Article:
In spite of all this, in late September Statistics New Zealand released the second quarter GDP growth figures, and these came in above expectations. In August the RBNZ projected a 0.5% result, while estimates from bank economists ranged from 0.7% to 1.0%. On this occasion it was the bank economists who won out, as the number came in at 1.0% for the quarter. This outcome (a 4.0% annualised rate) indicates a much brighter picture than the confidence indicators would otherwise have us believe. The caveat is that low confidence today reflects expectations about the future, whereas the growth announcement in September only confirms activity levels in the past. If the future does result in reduced activity and output, it will only be future GDP announcements that will capture this.
Time will tell whether today's low business confidence turns out to be prescient or whether, as Finance Minister Grant Robertson would like us to believe, business leaders are simply continuing to cry wolf. Perhaps the government should just take solace from the bond market, which appears to be far less concerned with future risks. This year, for the first time in 25 years, the yield on ten year New Zealand government bonds moved below the comparable yield on ten year US government bonds. Even if that proves to be unsustainable over the longer term, it represents quite a vote of confidence.
Looking back over the quarter the New Zealand share market1 delivered a healthy 4.9%, comfortably beating neighbouring Australia2, which returned 1.5%. Internationally there were generally strong returns coming from developed equity markets, propelled by the USA3 with a 7.7% return for the quarter. Emerging market4 countries generally provided a less reliable source of returns, advancing only 0.1% for the quarter in aggregate, with enduring concerns about China's trade war with the USA continuing to weigh heavily.
Property returns also varied by region. Domestically, with the prospect of lower interest rates for longer, the New Zealand listed property sector5 rose 5.9%. After a very strong second quarter, international listed property securities6 delivered only a flat return following a continuation of US interest rate rises in September.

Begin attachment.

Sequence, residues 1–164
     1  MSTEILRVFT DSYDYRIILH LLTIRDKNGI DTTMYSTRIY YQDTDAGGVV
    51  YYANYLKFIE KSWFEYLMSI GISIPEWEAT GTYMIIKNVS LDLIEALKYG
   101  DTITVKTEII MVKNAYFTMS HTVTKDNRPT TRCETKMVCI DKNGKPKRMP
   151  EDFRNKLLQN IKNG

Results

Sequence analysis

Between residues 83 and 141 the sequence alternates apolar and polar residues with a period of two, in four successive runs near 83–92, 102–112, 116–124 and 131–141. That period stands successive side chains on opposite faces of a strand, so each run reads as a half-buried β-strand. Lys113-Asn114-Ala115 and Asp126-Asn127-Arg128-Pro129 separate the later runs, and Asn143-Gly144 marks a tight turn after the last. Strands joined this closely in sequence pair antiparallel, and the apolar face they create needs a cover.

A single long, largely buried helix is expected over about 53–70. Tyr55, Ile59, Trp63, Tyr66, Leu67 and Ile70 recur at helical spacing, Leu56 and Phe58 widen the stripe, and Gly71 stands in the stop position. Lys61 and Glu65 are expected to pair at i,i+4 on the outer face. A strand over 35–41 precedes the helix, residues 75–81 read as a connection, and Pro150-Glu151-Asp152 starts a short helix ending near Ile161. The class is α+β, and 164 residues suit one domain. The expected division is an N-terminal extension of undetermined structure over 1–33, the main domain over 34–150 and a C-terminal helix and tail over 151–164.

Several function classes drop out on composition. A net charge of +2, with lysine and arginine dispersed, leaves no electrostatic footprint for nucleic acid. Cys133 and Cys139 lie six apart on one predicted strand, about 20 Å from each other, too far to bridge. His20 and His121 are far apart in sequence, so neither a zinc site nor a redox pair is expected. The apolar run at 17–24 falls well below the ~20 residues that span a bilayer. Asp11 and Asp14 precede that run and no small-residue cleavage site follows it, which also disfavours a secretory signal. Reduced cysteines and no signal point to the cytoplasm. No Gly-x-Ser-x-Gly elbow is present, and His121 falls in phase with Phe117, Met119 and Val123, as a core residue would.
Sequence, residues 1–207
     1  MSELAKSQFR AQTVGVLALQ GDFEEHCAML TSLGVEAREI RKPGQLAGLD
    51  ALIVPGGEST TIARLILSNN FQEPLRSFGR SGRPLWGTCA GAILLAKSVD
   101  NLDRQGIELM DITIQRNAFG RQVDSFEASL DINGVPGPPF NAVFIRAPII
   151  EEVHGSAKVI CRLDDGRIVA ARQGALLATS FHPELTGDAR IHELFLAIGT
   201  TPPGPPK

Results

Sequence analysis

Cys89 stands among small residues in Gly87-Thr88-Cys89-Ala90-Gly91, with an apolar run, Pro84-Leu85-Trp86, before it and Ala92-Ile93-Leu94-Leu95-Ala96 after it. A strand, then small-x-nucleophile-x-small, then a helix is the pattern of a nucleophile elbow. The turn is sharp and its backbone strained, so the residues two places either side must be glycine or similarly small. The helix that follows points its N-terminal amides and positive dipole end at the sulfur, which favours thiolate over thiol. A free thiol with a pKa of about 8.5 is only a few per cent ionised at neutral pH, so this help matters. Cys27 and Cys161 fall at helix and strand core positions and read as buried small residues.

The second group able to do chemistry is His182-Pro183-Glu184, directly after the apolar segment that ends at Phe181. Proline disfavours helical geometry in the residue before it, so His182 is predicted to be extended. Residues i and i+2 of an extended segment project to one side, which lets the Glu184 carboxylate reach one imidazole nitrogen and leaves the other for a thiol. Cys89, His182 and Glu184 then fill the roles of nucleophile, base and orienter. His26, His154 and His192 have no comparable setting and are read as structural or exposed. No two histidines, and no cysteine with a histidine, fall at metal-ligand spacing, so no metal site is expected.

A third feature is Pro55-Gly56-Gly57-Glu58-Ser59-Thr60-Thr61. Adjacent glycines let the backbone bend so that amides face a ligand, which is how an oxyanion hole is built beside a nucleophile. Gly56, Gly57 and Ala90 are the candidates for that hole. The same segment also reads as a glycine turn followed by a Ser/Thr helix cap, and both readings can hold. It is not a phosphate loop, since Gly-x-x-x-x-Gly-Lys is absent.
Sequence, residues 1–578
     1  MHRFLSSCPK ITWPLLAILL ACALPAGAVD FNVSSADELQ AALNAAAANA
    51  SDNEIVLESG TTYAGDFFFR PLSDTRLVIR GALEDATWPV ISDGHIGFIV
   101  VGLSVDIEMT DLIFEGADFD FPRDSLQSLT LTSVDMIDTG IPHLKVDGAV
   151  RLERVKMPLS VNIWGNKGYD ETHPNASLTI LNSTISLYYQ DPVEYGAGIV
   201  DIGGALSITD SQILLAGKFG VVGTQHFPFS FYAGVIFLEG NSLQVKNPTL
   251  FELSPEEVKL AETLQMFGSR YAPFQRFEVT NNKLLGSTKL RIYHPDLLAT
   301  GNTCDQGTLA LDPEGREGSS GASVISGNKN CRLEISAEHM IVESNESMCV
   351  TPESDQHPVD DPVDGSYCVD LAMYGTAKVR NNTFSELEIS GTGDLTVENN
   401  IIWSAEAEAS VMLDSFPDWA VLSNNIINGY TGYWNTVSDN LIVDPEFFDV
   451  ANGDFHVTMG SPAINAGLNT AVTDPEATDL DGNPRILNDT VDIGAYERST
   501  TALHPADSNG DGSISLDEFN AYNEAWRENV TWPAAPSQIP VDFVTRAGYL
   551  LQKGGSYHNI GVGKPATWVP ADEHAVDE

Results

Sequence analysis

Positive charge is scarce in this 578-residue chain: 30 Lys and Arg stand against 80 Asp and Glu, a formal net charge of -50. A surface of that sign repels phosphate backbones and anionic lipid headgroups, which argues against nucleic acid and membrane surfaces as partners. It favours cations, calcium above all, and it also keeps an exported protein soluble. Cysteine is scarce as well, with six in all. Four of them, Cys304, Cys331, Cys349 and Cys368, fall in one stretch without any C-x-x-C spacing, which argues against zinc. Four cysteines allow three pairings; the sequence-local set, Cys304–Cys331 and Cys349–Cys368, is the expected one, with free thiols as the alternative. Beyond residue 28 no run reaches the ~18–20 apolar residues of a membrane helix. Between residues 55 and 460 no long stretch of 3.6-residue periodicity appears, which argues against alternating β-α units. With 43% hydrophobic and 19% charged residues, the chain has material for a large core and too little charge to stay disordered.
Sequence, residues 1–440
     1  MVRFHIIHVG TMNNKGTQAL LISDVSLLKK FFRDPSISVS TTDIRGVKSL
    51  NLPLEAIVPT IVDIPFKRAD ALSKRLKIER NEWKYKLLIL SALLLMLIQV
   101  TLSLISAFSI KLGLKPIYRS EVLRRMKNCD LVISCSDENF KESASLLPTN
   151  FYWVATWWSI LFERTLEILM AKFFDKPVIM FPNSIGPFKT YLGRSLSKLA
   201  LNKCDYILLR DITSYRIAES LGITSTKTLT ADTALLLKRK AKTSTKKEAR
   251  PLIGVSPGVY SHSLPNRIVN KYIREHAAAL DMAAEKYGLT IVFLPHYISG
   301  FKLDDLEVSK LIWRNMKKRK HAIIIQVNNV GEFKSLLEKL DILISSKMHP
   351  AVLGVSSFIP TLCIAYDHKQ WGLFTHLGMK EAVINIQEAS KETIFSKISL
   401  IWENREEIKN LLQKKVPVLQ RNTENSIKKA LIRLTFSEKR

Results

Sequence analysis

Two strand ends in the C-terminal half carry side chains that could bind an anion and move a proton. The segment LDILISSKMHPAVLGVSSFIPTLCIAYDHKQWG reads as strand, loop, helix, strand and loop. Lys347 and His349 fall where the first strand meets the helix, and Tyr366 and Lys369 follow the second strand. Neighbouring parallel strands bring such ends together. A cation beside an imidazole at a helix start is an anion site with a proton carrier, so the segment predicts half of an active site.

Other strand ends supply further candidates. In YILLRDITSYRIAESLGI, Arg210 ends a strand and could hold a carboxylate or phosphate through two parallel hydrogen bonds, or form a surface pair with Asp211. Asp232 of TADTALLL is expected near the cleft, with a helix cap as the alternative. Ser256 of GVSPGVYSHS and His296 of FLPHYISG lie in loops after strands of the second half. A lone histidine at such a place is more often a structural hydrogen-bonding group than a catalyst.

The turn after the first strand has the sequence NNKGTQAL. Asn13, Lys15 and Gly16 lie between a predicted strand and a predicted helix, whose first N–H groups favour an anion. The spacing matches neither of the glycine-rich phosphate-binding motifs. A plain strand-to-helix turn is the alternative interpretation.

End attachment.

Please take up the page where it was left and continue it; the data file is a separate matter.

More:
With the RBNZ effectively benching the idea of New Zealand interest rate rises any time soon, bond yields in New Zealand generally drifted lower during the quarter, which was good for local bond returns. This was reflected in the performance of the New Zealand Corporate A Grade Bond Index7, which gained 1.3%. The reverse was true internationally where ten year bond yields in the USA, Germany, UK and Japan all crept higher over the quarter, acting as a temporary headwind in those bond markets. As a result, the returns of the World Government Bond Index8 and the Global Aggregate Bond Index9 were both relatively flat for the quarter.
With local and international yields moving in opposite directions, it can be more challenging for bond investors to identify a sensible long term strategy. What investors need to keep in mind is that, when interest rates go up, the value of existing bonds goes down. While that may have an immediate impact on the short term returns of those bonds, it also means your expected future return from those same bonds goes up (because the yield on the bonds is now higher). The reverse is true when interest rates fall - the value of existing bonds goes up, but the expected future return from those bonds goes down (because yields just got lower).
Unless you have a strong view about the timing and direction of future interest rate movements (something that even central banks around the world struggle with), it generally means that selecting your bond exposures based on what has outperformed in the recent past could easily be a flawed strategy.